You get what you vote for
Irish voters need Irish journalists to tell them what Sinn Fein really is
Election time in the westernmost province of the European Union has proved to be quite surreal. For what Ireland’s EU-truncated government has almost no practical control over – housing shortages and the health services – tops the political agenda, while the media systematically ignore the far graver truth that Sinn Fein, according to some polls now the most popular party in the Republic, still retains its terrorist wing.
It really shouldn’t be necessary (but, alas, it clearly is) to point out that the IRA army council has never been dissolved. It remains the military arm of Irish Republicanism, of which Sinn Fein is merely its Colgate-wing, all wholesome smiles and empathy, like a brace of Mormon elders on your doorstep. Sinn Fein nonetheless has of right one member on the IRA’s ruling army council, while other council members have ample scope to double-job as secret IRA-men and public Sinn Fein politicians.
Yet this is the untold story of the Irish election, the great lie to which almost the entire political and media establishment – apart from The Sunday Independent’s Eoghan Harris – has subscribed. The IRA’s murky past rather embarrassingly surfaced during the week when the mother of young Paul Quinn, murdered by the IRA in 2006, denounced his killing and the excuse offered by a prominent Sinn Fein “politician” that the lad had been involved in criminality. Whereas, killing him apparently wasn’t criminal, and in the dystopian moral world inhabited by SF-IRA, it probably wasn’t.
Despite this moral dystopia, Sinn Fein might soon not merely be able to tip the balance of power, but even clamber onto the scales and achieve a place in government. This is the harvest resulting from a quarter century of peace-process obfuscation, lies, deceit and murder, which have rendered truth into a congenial plastic that Sinn Fein can bend according to its needs. Meanwhile, the political classes and the media, either silent or complicit in the irreversible compromises that have been made during that time are now powerless to undo the fictions that have been so diligently woven. Almost no-one under the age of forty is aware that Sinn Fein is not what it purports to be, namely just another left-wing party.
Youthfulness is not an excuse for Bremainers’ favourite Irishman Fintan O’Toole, who is clearly well-steeped in his sixties. This week he anointed Sinn Fein with the myrrh of memory-loss and the unprincipled unction of left-liberal sanctimony. “If about 20 percent of voters choose Sinn Fein there is a real problem in telling them their votes don’t count in the formation of a government,” he wrote in The Irish Times. “To tell them otherwise is not just disrespectful – it is dangerous.”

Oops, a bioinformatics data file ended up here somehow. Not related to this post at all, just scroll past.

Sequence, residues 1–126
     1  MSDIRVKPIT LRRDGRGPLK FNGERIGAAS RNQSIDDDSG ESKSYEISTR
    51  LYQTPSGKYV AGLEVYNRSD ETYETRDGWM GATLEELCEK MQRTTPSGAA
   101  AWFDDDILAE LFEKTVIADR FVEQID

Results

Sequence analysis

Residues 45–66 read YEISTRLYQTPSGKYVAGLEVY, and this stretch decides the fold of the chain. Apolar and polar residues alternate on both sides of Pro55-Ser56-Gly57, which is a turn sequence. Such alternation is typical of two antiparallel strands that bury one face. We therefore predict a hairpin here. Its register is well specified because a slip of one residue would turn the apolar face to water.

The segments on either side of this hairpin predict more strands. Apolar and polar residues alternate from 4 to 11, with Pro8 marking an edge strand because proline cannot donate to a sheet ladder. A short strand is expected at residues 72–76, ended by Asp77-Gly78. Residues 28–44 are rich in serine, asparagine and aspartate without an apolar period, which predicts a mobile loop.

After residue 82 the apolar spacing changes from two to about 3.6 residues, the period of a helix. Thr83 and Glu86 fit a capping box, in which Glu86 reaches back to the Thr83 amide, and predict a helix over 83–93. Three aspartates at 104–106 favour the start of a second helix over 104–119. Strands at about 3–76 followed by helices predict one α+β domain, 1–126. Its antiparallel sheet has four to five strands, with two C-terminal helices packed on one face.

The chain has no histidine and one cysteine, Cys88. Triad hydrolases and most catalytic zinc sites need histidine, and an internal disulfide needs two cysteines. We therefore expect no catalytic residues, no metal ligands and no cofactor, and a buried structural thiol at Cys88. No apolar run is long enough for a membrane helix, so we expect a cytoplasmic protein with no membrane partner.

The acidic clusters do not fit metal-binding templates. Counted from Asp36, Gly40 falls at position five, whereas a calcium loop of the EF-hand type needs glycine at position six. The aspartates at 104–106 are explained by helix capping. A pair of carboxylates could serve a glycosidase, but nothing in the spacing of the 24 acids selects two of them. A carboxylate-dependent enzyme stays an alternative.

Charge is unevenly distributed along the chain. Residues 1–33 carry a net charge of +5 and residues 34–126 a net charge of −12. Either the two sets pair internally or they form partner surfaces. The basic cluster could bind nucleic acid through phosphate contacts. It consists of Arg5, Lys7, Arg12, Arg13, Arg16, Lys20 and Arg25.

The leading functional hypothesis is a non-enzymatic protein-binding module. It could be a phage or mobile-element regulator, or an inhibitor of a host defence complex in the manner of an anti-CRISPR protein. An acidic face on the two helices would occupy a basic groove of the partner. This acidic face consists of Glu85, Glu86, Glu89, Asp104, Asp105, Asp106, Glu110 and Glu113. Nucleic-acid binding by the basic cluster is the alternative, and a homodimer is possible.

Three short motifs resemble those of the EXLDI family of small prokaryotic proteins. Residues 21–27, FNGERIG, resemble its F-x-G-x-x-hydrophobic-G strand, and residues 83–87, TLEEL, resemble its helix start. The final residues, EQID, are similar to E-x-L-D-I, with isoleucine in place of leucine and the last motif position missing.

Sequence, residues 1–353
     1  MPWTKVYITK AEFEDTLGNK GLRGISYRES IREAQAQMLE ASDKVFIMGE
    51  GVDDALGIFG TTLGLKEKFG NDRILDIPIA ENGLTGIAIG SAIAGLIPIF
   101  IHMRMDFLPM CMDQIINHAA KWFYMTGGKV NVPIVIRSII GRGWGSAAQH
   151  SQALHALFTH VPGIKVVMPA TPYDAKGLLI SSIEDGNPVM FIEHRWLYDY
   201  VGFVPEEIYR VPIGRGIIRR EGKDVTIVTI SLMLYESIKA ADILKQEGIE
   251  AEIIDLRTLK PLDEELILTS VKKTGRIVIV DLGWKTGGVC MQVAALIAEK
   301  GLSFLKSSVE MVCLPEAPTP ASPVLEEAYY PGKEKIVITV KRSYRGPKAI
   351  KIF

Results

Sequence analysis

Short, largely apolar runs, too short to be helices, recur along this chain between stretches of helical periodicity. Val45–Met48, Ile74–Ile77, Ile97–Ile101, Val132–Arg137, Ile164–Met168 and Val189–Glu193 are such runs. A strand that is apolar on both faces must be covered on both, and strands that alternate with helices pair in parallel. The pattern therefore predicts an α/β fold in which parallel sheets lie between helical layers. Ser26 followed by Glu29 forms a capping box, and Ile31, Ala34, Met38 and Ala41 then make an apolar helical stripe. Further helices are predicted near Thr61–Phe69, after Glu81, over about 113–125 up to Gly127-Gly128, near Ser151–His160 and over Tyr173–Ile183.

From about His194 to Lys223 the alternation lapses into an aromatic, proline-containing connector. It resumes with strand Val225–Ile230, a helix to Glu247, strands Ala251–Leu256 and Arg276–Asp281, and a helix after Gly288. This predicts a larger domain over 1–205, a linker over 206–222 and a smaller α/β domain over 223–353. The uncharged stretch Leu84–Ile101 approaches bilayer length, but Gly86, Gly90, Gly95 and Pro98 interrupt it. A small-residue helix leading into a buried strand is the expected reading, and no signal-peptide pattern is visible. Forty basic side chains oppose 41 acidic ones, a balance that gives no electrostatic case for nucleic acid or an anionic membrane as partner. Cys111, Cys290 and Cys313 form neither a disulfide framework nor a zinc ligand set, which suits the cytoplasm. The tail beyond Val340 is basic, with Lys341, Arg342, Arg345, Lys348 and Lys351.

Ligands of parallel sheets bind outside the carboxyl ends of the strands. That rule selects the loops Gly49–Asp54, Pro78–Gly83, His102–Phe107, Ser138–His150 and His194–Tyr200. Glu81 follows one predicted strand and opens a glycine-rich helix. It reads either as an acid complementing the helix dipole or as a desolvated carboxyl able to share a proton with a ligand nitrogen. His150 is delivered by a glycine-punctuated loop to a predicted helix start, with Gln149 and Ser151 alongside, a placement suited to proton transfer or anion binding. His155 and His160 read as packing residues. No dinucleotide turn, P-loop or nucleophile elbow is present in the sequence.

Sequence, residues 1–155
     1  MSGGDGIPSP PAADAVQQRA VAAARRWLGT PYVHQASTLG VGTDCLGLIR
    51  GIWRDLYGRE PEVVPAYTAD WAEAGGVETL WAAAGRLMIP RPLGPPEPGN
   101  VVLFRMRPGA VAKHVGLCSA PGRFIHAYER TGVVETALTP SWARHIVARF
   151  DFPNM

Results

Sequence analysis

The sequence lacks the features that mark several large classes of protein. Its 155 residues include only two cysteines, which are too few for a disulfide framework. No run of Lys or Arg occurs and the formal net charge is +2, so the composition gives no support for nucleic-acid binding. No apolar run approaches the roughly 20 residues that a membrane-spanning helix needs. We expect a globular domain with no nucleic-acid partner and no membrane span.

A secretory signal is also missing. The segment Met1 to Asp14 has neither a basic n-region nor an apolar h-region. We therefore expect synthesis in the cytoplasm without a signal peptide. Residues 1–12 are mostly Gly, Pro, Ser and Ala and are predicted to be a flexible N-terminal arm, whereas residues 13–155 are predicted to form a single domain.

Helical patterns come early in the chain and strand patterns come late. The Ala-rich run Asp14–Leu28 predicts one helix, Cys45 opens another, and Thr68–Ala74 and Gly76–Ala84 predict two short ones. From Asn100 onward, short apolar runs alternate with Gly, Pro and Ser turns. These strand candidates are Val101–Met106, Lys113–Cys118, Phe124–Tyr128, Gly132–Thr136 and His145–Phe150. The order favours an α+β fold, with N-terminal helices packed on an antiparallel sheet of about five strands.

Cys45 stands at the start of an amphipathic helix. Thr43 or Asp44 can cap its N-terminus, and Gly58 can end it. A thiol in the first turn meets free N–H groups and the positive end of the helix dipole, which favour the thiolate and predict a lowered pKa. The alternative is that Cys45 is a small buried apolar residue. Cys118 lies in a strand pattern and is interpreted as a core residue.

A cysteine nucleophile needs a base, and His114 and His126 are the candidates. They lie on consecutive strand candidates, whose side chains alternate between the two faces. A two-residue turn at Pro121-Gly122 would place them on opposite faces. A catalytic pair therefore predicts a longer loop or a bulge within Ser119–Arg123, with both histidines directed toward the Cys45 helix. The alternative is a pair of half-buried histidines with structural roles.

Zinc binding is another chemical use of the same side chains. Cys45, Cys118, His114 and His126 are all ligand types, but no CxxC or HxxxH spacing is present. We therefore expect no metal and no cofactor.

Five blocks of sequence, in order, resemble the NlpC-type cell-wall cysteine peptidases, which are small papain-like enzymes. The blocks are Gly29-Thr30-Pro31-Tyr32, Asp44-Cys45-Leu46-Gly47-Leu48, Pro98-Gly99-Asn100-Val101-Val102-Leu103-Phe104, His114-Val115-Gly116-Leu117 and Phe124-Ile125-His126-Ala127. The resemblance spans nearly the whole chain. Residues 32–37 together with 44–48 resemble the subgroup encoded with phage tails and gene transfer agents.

But not nearly as dangerous as putting into the cabinet, thereby gaining access to crucial security files, politicians whose loyalty is not to the lawful Army of the Irish Republic but to its rival, the still-armed (if quiescent) Provisional IRA. Responding to evidence that Northern Ireland Sinn Fein politicians defer to the IRA, O’Toole offered the winsome caveat that if Sinn Fein took office in Dublin, “There would have to be a strengthening of the official code of conduct for ministers.”
Oh, that’ll do it all right. After all, this is the organisation that halfway through thorny negotiations to restore the power-sharing executive in Northern Ireland took time out to bludgeon and knife to death a former member who, they felt, had betrayed them. Talks resumed while his mutilated body was still warm on the roadside, and Sinn Fein delegates weren’t even made to stand on the naughty step for a minute. Clearly, an official “code of conduct for ministers” to the people who also gave you the Enniskillen, Birmingham and Brighton bombings will make all the difference.
The key to Sinn Fein’s nature is not the social democracy useful O’Tooles delude themselves with, but its glorious history, to be endlessly mined for the lore of the tribe and the ore of victimhood: hence its recent revival of the exultant, rabble-rousing ballad Come out ye Black and Tans. Moreover, with sublime cretinousness, the conjoined Irish politico-media establishment has been sedulously feeding SFIRA a protein-rich and largely one-sided diet of centennial commemorative encomia over the bloody events of 1914-1920.
Meanwhile, back in the 21st century, the same establishment has been wittering on brainlessly about the country’s health and housing problems. But no Irish government can prevent crises in these areas. The state controls neither its money-supply, the key to any housing-programme, nor its borders. These are the shackles that the British people have thrown off, but to which the people of Ireland nonetheless remain deliriously devoted. Those unfortunates now face the possibility of a high-taxing, atavistic Sinn Fein-IRA in government, the peace process’s ultimate dividend and its final nightmare.
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